Hola Readers:Guaguas (pronounced "wa-was") That's what kids are called in Ecuador. I believe it is a Quechua word, not in my Espanol dictionary. Think of the sound you make if you are going to say "watch" or "water". The pronunciation is like the beginning of that word, repeated "wa-was". It seems it is an endearing way of referring to children. In Cuenca, it is used by everyone, across income, cultural and class differences. It seems when anyone uses it, the word is greeted by a small smile, as if the listener is recalling some endearing or comical thing a kid said or did.
I showed some pictures of my young nietos (grandchildren) to a Cuencana friend's 6 young grandchildren. They sighed and murmured "guaguas" with this air of interest and contentment...and a big smile at me. Very sweet. So I will get to see my nietos in just a few weeks. And my grown guaguas too!
Are you moving here? A random thought about packing. This is a small thing I always forget to mention: I love old t-shirts. You know the good quality ones that are really soft and friendly after a couple of years of wear. Over the many years that I was a gardener, it was common to see me out there in an old raggy t-shirt and jeans. No worry of stains or rips that can happen during garden work. It did not matter to me if I was in the front flower garden or back, I was going for comfort. Same for housework and other chores like cleaning the parrot cage or emptying the hot tub --- old t-shirts reigned.
What did I do when we decided to shed our way of life in Oregon and move to Ecuador? I knew that there would be no gardening, no parrot cage, no hot tub to clean....so I got rid of all of my used, ratty looking t-shirts.
So what do I miss now? An old fav t-shirt to wear when I'm knocking around our apartment, re-potting a house plant or reading a good book. The recommendation is this after talking with other ex-pats who came with only new clothes and miss having some worn, comfy clothes: bring a couple of the older things you love to wear just around the house.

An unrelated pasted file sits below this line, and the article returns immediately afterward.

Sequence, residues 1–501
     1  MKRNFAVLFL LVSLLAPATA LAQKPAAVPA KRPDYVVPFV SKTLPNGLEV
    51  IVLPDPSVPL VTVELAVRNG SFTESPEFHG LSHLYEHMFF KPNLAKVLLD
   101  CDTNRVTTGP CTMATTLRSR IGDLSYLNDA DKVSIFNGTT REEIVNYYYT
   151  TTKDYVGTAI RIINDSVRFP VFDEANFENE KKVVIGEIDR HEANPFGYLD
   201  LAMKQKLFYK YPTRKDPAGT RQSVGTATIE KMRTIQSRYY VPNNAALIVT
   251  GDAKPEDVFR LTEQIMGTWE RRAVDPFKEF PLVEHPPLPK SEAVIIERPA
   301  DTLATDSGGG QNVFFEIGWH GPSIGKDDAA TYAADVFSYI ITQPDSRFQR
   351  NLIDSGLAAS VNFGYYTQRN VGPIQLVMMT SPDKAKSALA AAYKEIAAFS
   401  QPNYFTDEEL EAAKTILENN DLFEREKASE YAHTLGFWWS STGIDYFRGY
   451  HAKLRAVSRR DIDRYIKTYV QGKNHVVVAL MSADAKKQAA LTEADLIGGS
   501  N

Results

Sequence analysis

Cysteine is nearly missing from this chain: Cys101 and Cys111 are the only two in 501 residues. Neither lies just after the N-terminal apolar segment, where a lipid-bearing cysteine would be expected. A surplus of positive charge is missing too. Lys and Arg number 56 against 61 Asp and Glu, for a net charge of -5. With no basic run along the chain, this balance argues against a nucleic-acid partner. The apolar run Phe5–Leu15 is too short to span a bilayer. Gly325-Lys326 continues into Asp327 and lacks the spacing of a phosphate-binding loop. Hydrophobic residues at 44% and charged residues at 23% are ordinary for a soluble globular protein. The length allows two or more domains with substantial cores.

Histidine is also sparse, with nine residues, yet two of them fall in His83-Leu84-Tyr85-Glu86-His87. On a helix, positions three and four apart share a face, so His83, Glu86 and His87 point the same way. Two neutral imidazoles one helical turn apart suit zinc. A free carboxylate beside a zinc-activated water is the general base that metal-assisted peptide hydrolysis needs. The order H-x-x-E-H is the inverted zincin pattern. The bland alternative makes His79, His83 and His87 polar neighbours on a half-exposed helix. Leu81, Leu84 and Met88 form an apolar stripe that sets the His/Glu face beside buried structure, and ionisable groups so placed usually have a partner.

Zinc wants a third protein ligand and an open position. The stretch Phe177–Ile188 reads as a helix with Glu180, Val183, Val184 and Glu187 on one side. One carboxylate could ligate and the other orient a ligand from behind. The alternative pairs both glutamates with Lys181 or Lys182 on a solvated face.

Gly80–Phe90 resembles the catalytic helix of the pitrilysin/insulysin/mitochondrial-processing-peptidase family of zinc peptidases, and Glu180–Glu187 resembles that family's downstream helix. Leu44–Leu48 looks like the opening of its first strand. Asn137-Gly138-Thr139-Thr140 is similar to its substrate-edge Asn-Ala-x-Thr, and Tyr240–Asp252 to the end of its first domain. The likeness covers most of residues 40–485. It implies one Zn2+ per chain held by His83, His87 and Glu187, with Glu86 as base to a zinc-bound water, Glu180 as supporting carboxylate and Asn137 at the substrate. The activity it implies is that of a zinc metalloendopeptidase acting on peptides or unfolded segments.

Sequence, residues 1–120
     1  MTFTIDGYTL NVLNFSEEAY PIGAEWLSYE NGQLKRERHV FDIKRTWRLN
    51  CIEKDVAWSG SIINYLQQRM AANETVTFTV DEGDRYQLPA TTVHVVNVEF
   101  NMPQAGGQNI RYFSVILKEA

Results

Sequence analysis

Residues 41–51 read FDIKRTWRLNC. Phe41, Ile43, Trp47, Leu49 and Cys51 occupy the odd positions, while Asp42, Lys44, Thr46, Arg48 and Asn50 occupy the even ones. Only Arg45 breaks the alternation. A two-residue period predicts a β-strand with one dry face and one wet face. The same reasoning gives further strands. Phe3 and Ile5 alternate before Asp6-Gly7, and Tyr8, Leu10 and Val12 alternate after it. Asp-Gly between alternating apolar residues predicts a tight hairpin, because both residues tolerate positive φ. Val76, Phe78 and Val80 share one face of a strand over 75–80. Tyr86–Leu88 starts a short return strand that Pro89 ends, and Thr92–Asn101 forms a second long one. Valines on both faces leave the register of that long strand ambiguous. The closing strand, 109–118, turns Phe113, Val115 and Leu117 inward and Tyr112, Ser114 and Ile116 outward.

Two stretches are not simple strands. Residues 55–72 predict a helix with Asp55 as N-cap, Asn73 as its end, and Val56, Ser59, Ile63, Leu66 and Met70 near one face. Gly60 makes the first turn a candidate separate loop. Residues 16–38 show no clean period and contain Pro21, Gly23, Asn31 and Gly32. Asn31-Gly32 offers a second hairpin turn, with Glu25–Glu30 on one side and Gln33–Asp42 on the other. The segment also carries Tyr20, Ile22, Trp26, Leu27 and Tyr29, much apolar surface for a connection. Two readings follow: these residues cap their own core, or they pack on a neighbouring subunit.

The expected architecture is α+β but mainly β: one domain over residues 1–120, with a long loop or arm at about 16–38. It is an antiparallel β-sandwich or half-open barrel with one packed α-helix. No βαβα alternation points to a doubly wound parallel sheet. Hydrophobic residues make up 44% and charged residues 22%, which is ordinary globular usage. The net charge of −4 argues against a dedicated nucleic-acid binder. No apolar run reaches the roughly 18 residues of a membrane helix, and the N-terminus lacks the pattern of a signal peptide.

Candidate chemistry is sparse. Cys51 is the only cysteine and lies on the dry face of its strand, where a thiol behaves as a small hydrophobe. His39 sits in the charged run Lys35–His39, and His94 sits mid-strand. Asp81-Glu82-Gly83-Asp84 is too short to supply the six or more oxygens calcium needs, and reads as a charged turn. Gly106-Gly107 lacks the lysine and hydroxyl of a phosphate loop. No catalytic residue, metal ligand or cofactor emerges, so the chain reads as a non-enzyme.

Informal dress occurs a lot in Ecuador. Business people dress up really nicely, like any metropolitan city, but the majority of people I see around the city are dressed very casually. I think I'd describe my old clothes as "sub-informal" and "not for prime time". Consider keeping a couple of "sub-informal" items for private times. Just a thought.
Another thought: it is cooler here than you may expect. Yes, there are beautiful days year around with afternoon temps of 70 degrees(F) (21 Celcius). But nights are rarely mild, often dropping to 35 degrees (F) (1.6 Celcius). It does not snow here. Frost is very rare. But it not a balmy beach either. We are located high in the Andes mountains at 8500 ft alt (2591 meters) so Cuenca is cooler than most of Ecuador. Go to the jungle or the coast and there are higher temps and higher humidity. That is where it is really tropical.
If you are coming to visit or to stay, pack sweaters, different weight jackets, a sweatshirt along with lighter wear - you will benefit from dressing in layers so you can peel off as needed.
An elderly acquaintance came to live in Cuenca for a month. She had packed tank tops, capris, sandals and flip flops along with one cardigan. No socks, no raincoat, no sweatshirt or warm sweater, no long pants. She arrived during a 10 day streak of rainy, chilly weather. She was cold and miserable but did not want to spend the money to buy warmer clothes. She thought because Cuenca is close to the equator, it would automatically be balmy. To her credit, she did not complain much.
Although I have written this before, it is worth emphasizing - come prepared for 3 seasons of weather in one day. That's Cuenca! It is a wonderful city, muy lindo, full of many things to explore and enjoy. Researching what is needed to be comfortable is important to allow you to focus on the multitude of fun stuff. I'm just sayin'......and even with lots of research and some visits, it is easy to forget some of these things.
As you pack to move here, bring different weight coats, keep your sweaters, pack your tank tops and new clothes and a couple of old raggy t-shirts along with the newer things you pack. You will be set for anything that comes down the valley.
Another thing to note:
If you move to Cuenca, you may have a more lively social life than you have had for some time.
Retirees have time to have lunch, chat over coffee, explore new places, go on picnics, etc. The ex-pat community here is supportive, friendly, big on sharing ideas, recommending services, etc. And its large enough to have variety and interest for most people. Most Cuencanos are kind,open, friendly and enoy getting to know people from other lands. It is a very pleasant surprise to me that it has been very easy to meet people we enjoy so quickly after moving here last May. Our transition to living in a South American culture has been mostly smooth and quite delightful.
Lunch (almuerzo) at mi amiga Maria Elena's home in Paute
A custom in Cuenca is to celebrate New Year's eve by burning some effigy. To represent getting rid of your hostility at your boss or your anger at not getting that job you competed for. So hand painted masks and even whole figures are sold everywhere the week before Dec 31 for this purpose. Here is a photo of some masks for sale:
The year 2011 draws to a close. Have a safe, enjoyable New Year's celebration.